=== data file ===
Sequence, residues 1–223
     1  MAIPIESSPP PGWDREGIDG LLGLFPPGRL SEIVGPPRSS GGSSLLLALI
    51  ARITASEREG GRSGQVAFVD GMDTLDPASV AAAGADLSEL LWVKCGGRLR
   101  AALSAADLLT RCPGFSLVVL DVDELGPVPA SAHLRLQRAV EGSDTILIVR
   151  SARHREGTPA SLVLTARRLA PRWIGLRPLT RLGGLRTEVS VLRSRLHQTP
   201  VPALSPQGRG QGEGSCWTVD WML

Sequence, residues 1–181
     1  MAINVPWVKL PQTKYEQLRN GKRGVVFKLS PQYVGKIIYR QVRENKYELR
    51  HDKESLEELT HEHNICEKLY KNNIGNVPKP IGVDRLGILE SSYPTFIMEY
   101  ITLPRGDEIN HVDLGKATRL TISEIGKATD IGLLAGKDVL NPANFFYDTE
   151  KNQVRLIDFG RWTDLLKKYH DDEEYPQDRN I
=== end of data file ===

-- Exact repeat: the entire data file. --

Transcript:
Sequence, residues 1–223
     1  MAIPIESSPP PGWDREGIDG LLGLFPPGRL SEIVGPPRSS GGSSLLLALI
    51  ARITASEREG GRSGQVAFVD GMDTLDPASV AAAGADLSEL LWVKCGGRLR
   101  AALSAADLLT RCPGFSLVVL DVDELGPVPA SAHLRLQRAV EGSDTILIVR
   151  SARHREGTPA SLVLTARRLA PRWIGLRPLT RLGGLRTEVS VLRSRLHQTP
   201  VPALSPQGRG QGEGSCWTVD WML

Sequence, residues 1–181
     1  MAINVPWVKL PQTKYEQLRN GKRGVVFKLS PQYVGKIIYR QVRENKYELR
    51  HDKESLEELT HEHNICEKLY KNNIGNVPKP IGVDRLGILE SSYPTFIMEY
   101  ITLPRGDEIN HVDLGKATRL TISEIGKATD IGLLAGKDVL NPANFFYDTE
   151  KNQVRLIDFG RWTDLLKKYH DDEEYPQDRN I